“The schedule is ridiculous. There’s just not enough time so every spare moment we’re scribbling away,” Shlomo says. Is this most pressure he’s been under? “No. I’ve had way less time than this. I directed a show last year, The Vocal Orchestra [seven mouths, seven mics, no instruments] and we had one week to rehearse it. DJ’s scoring now. He’s got notation software on his iPad.”
He describes himself as hailing from a line of geeks — at least on his father’s side. His maternal branch of the family moved from Baghdad to Jerusalem where his mother was born. Geekiness is part of his stage persona. With his black-rimmed glasses and skinny frame, he looks like the kid who gets bullied at school. Although here at Earls Court, at a major event in the geek calendar, he fits right in.
“When I was touring with [hip hop and dubstep band] Foreign Beggars, I had these huge trousers and little glasses. I just felt out of place.” There are YouTube videos of that period. They show a skinny kid in his early 20s standing a little shyly on stage. The crowd are shouting “Shlomo, Shlomo”. He seems unfazed by the expectation. But he also seems unlikely to fulfil it. Then he raises a mic to his lips and a sound like a thousand fuses blowing in quick succession rips across the room. The crowd roars. The drum-machine rhythms are so convincing Shlomo has to insert the phrase “all from the mouth” into the act, lest people think he’s getting help from technology.
It may seem strange that Jews have embraced an art form invented by American black hip hop culture. But it’s not just beatboxers. “Yeah, quite a lot of hip hoppers as well. It’s horrible to generalise but a lot of Jewish people I’ve met are driven and focused and put their hand to something and do well.” The Leeds-born performer’s talents were honed at night in the Buckinghamshire home where he was raised. He could not play his drum-kit after six for fear of upsetting the neighbours. And as Top of the Pops began at 7pm, he had no option but to copy the rhythms of the week’s hits using sounds made from his mouth.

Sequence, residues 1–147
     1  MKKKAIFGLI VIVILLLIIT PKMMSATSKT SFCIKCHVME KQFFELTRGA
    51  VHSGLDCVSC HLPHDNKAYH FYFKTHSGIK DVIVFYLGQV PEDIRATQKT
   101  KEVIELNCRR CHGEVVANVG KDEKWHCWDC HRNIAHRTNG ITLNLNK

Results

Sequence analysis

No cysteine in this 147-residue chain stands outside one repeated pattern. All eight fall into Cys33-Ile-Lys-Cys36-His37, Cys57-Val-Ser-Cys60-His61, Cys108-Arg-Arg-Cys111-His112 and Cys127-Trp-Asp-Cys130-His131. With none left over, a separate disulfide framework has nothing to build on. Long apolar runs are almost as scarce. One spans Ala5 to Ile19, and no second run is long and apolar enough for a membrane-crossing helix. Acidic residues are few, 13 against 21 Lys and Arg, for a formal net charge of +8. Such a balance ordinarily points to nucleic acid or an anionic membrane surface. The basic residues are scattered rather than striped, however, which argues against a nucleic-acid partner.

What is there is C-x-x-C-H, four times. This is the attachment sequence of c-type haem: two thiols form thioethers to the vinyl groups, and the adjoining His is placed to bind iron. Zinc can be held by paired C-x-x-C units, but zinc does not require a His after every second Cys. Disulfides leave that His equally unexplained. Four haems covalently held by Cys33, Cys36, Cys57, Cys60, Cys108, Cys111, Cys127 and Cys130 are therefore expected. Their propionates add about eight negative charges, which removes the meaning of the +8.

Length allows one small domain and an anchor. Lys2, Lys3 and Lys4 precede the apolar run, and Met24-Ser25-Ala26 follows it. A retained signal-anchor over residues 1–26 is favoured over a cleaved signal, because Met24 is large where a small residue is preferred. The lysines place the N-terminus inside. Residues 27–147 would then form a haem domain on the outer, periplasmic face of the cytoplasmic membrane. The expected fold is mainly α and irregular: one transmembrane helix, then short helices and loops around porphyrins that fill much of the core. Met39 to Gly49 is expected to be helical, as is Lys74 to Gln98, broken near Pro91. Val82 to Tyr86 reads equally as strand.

Although he now appears to be where he wants to be, he experienced “a massive wobble” a few years back. “I was performing at the Edinburgh Fringe. My child was very small, I was away for a month, I went home for one night. And that’s when I realised that this wasn’t what I wanted.” Seeking alternatives, “I thought: ‘I can direct a show, I can compose music for other people, I can teach and still be home for bath time.’”
But the work is still coming in as fast as a beatbox drum roll. He has been commissioned to write a beatboxing piece for the National Youth Choir, he is working on pieces for contemporary theatre and dance and there is going to be a new Shlomo work written for beatbox and organ which will be performed at the Royal Albert Hall. But bath time with his two-year-old son George is the priority. “Before I was obsessed. Now I’m happy.”
Human Geekbox is touring the UK until December 10.
The Little Mermaid is at the Bristol Old Vic from November 28